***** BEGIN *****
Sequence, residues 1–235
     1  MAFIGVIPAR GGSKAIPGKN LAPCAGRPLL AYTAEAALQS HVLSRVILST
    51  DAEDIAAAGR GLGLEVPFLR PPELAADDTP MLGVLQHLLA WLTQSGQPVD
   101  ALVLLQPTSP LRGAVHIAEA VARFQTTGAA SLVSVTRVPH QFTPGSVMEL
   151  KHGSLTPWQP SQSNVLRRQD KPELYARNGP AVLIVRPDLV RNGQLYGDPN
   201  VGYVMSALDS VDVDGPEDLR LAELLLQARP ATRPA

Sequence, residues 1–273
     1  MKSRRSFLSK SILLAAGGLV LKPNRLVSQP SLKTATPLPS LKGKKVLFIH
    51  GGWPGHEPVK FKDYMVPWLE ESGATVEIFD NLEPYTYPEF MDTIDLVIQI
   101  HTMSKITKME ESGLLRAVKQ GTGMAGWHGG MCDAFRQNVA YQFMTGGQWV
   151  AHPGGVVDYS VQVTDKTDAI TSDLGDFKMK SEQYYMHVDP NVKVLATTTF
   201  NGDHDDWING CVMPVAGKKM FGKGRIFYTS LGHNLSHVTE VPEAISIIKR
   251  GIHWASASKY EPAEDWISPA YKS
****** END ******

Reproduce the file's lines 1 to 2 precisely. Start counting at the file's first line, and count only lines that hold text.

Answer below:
Sequence, residues 1–235
     1  MAFIGVIPAR GGSKAIPGKN LAPCAGRPLL AYTAEAALQS HVLSRVILST